HRABOVE, Ukraine (USA TODAY) — Dutch investigators arrived in eastern Ukraine Monday and began inspecting the bodies of scores of Malaysia Airlines crash victims that have been stacked in a refrigerated rail car by Russian-backed separatists.
The arrival of the Dutch forensics experts came as the United Nations Security Council was preparing to vote on a resolution demanding international access to the site where Flight 17 went down Thursday after being hit by a surface-to-air missile.
The investigators led by Peter Van Vilet of the Dutch LTFO forensic office climbed aboard to inspect the wagons, surrounded by armed rebels, that had been parked parked in the rebel-held town of Torez..
"We got the promise the train is going," he said, adding he did not know when.
The experts from the Dutch National Forensic Investigations Team -- which specializes in victim recovery and identification -- also pressed for rebels to seal the train cars.
Associated Press journalists at the site said the smell of decay was overwhelming Monday and many with the inspectors wore masks or pressed cloths to the faces on the warm summer day.
A train engineer told the AP that a power outage had hit the cars' refrigeration system overnight and it was not immediately clear why. The cooling system was back up and running early Monday, he said.
Armed rebels, who control the area, had kept international inspectors at bay for days, prompting outrage from political leaders in the Netherlands and Australia, whose citizens were aboard the ill-fated jetliner.
During the weekend, separatist groups began removing bodies and other evidence from the huge debris field.
"This is still an absolutely shambolic situation. It does look more like a garden clean-up than a forensic investigation," Australian Prime Minister Tony Abbott said Monday.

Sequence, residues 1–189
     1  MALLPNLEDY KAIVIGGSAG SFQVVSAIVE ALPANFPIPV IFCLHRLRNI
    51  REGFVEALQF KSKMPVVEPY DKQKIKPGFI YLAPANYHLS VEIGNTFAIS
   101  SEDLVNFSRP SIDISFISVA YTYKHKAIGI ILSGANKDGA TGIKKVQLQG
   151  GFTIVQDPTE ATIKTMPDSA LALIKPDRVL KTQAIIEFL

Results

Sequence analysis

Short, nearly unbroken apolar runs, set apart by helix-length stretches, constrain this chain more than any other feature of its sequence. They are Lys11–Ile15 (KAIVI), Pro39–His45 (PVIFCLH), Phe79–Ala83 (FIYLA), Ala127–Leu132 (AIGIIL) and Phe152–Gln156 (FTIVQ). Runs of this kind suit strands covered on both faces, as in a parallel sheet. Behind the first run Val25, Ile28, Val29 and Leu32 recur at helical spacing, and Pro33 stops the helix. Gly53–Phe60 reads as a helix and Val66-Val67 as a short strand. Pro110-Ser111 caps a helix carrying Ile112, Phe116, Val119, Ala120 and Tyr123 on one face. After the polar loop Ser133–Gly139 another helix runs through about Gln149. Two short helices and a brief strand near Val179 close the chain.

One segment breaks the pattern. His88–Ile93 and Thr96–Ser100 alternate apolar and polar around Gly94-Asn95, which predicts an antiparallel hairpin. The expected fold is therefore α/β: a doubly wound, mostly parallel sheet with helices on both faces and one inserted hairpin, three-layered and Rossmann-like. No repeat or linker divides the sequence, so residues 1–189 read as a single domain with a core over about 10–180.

Flight 17 was en route from Amsterdam to Kuala Lumpur with 283 passengers and 15 crew members when it crashed over rebel territory. The Netherlands lost 193 citizens in the crash, more than any other nation.
Although Russia and separatist leaders have denied responsibility for the shootdown, U.S. Secretary of State John Kerry said Sunday there was mounting evidence that a Russian-made missile, an SA-11, brought down the airliner.
"Given the almost certain culpability of the Russian-backed rebels in the downing of the aircraft, having these people in control of the site is a little like leaving criminals in control of a crime scene," Abbott added.
Russian President Vladimir Putin, meanwhile, said Moscow was doing everything possible to allow a team of experts from the International Civil Aviation Organization, a U.N. agency, to investigate the scene. He also again criticized the Ukraine authorities in Kiev for reigniting fighting with rebels.
"We repeatedly called upon all conflicting sides to stop the bloodshed immediately and sit down at the negotiating table," Putin said. "I can say with confidence that if military operations were not resumed on June 28 in eastern Ukraine, this tragedy wouldn't have happened."
As one of five permanent members of the Security Council, Russia has the power to veto council resolutions. Russian officials have indicated that Moscow would not veto the move on Monday as long as Russia is not blamed in the resolution.
As pressure was growing on Russia, Ukrainian Prime Minister Arseniy Yetsenyuk proposed that the Netherlands should lead any international investigation.
In a separate development, there were unconfirmed reports Monday of renewed fighting between pro-Kiev forces and separatists near the main train station in Donetsk, widely seen as the last major stronghold held by rebel forces.